The Rip Curl Classic at Bells Beach is the world’s longest running professional surfing event. Located in a rural setting outside Torquay in Victoria, it is held every Easter.

The timing of it has often been an obstacle, but this year, 2013, the 52nd, I got to attend mid-event. It was raining when I arrived, though fortunately, for us spectators, it soon passed. 

The waves were big, though lumpy (my terminology), but the surfers were happy with them. I have never tried surfing, but it’s enjoyable to watch. It’s mesmerising and calming, contemplative – a bit like gazing at a camp fire. A surfer dances along the wall of water; a briefly flickering brilliance shaped by environmental whim. Of course surfing also offers the spectacular; just like a fire can sometimes be explosive. Does this explain why surfers are always stoked?

Bells Beach
Accidental art – Rip Curl 2009

Enough fiery metaphor. The bottom line – surfing’s more than a sport.

The live commentary was chatty and entertaining, mixing hyperbole, optimism and suspense, with enthusiastic references to ‘huge snaps’, ‘big walls’, and ‘outrageous sets’; as surfers ‘throw it up the lip’, ‘carve that section’, ‘get bombed’ and ‘go straight over the handlebars’, or ‘run hot’, ‘jamming it up the corner’, and ‘hammer the nail’ to score ‘huge numbers’.

Below is a short video of Taj Burrow, dare I say it, on fire.

(Please excuse the audio quality)

 

 

It’s a bit of a mystery why a surfer sometimes chooses to let pass what appears to be a good wave. I guess it’s due to tactics, hesitancy, or backing that a better set is coming – often it does, but not always. The waves on this day were tricky though: they tended to break inconsistently and flatten in the middle section. The rides are long at Bells, 100 – 200 metres, and give the surfers ample scope to perform their repertoire when they do pick the right one.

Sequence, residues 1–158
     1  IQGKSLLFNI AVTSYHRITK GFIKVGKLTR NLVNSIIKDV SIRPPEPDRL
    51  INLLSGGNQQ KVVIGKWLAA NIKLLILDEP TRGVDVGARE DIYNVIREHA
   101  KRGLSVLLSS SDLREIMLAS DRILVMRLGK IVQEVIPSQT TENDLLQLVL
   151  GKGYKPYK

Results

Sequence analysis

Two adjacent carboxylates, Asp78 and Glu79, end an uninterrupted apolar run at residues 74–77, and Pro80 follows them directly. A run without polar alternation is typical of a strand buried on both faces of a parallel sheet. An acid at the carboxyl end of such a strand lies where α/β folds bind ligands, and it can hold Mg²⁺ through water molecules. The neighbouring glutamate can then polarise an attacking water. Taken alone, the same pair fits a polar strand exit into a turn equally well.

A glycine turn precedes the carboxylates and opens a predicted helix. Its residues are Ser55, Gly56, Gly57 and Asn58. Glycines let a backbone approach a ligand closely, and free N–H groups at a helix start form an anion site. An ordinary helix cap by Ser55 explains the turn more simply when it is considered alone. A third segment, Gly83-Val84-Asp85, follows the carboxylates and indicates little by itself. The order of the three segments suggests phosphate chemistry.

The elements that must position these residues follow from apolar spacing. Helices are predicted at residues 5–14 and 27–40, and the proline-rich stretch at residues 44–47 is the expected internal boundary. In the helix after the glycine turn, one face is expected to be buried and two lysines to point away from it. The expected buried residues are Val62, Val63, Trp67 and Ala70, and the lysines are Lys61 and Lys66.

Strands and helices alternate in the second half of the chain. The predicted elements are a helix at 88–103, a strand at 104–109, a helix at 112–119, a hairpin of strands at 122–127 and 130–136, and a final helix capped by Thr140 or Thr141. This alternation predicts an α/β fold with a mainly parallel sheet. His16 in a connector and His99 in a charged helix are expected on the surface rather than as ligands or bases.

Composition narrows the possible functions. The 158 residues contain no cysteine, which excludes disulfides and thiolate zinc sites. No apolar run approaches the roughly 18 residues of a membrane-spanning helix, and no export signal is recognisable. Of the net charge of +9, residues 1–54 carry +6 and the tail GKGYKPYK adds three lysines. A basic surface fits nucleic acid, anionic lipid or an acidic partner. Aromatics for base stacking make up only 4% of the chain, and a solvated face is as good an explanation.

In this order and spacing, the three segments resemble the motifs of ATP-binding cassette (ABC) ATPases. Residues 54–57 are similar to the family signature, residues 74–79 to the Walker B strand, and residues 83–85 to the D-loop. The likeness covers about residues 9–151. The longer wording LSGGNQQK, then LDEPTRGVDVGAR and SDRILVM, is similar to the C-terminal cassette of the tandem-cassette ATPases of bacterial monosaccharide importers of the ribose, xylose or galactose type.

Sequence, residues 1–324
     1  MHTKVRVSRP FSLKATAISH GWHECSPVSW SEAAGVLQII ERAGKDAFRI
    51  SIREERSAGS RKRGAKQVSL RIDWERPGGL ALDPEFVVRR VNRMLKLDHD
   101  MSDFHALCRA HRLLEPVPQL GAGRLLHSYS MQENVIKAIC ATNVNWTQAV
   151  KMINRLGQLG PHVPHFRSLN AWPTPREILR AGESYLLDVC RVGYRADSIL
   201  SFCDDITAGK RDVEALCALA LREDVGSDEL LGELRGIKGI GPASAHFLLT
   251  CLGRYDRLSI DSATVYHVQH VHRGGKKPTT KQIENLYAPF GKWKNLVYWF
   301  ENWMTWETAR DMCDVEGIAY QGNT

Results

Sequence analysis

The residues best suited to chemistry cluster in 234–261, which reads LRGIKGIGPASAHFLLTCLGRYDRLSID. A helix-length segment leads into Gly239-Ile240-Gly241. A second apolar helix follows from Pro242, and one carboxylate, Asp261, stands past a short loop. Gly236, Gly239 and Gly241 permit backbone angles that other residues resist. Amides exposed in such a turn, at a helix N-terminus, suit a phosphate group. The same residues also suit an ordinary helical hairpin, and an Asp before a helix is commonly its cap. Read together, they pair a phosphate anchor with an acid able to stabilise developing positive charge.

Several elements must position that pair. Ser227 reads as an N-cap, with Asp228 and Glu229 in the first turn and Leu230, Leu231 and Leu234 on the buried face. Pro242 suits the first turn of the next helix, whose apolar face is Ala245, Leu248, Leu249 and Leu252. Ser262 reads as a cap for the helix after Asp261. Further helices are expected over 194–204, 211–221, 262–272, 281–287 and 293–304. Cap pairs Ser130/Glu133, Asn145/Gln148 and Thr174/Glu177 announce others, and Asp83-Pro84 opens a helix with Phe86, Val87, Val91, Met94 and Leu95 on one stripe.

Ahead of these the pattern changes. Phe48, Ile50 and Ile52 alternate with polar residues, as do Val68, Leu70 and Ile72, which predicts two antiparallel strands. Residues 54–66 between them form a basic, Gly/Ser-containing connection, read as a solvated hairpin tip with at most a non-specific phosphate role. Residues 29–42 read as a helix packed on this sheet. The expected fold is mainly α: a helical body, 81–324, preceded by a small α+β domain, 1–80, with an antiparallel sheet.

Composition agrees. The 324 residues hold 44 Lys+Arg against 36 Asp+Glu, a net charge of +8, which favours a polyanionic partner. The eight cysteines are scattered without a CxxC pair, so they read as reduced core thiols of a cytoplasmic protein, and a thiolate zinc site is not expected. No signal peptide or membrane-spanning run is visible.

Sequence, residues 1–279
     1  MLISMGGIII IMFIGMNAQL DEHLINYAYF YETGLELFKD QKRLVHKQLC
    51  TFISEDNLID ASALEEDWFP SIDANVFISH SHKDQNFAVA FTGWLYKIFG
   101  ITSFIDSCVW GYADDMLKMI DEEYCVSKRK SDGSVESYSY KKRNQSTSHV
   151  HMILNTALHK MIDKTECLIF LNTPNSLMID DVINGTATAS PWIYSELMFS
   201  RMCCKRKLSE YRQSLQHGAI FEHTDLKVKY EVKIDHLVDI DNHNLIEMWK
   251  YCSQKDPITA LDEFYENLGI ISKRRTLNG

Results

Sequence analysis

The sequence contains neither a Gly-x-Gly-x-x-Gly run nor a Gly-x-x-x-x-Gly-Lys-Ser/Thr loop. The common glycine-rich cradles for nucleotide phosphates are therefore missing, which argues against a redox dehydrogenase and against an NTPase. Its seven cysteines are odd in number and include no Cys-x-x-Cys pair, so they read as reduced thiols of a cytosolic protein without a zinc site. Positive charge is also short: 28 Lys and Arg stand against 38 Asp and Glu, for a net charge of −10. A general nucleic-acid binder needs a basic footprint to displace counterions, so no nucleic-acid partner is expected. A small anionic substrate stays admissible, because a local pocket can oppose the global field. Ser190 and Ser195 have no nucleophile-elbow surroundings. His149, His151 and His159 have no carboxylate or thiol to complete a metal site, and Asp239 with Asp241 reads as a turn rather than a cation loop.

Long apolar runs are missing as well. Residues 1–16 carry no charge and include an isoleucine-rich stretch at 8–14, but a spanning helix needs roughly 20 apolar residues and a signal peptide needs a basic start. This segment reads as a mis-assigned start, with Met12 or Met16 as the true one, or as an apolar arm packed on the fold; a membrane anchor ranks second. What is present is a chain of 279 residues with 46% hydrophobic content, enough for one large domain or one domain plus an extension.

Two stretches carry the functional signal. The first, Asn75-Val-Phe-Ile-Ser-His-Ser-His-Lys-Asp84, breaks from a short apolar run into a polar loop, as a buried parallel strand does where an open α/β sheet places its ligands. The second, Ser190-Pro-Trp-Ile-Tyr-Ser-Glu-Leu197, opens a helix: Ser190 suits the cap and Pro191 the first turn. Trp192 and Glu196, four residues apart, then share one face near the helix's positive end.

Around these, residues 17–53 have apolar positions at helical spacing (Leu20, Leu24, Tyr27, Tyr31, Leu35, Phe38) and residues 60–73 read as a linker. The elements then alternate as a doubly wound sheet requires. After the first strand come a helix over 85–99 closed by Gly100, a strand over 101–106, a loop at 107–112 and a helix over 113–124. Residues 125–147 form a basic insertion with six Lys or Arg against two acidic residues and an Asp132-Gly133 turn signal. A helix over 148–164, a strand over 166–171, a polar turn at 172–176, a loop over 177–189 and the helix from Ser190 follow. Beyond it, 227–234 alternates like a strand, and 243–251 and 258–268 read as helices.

Here’s another vid – of Dusty Payne this time.

Overall, the Rip Curl Classic at Bells is more like a community occasion than a professional sporting event. Entry is cheap, competitors are relaxed and accessible, and there’s a band playing later in the day to entertain over a few beers – usually outside, but under a marquee this year.

When the tide reached its peak, organisers stopped spectators descending to the beach. One shouldn’t leave children unattended …or your pair of thongs for that matter: mine were washed out to sea by a rogue wave. Temporary stands and platforms on top of the cliff embracing Bells provided a viewing alternative. Competition finished for the day around 3.30pm. It was windy and cool by then, and I made a delicate walk back to the carpark in bare feet tenderised by sea water.

This year’s event was won by Adriano de Souza and Carissa Moore. They were stoked.

Below are pics of Bells in and out of competition.

Bells Beach Rip Curl Classic
Joel Parkinson entering the water in 2009. He won that year.

Sometimes competition is moved to Winkipop, which is at the northern end of the bowl. The two photos below are from there in 2011.

Bells Beach Rip Curl Classic

Bells Beach Rip Curl Classic
Etching a line on the face of a wave

Meanwhile, back at Bells on the same day, non-competing surfers were having a ball in the bowl.

Bells Beach

Bells Beach Rip Curl Classic
During the finals in the Bells bowl, 2011
Bells Beach Rip Curl Classic
Joel Parkinson won it that year too
Bells Beach
Bells in mid winter

The photos below are from April, 2013, when conditions were prime.

Bells Beach - Rincon

Bells Beach - Rincon

Bells Beach
Foam tsunami

Bells Beach

Bells Beach

Bells Beach

Bells Beach

If you arrive outside tournament time you might get to see a mob of kangaroos disappearing into the bush opposite the reserve, such is the naturalness of the setting.

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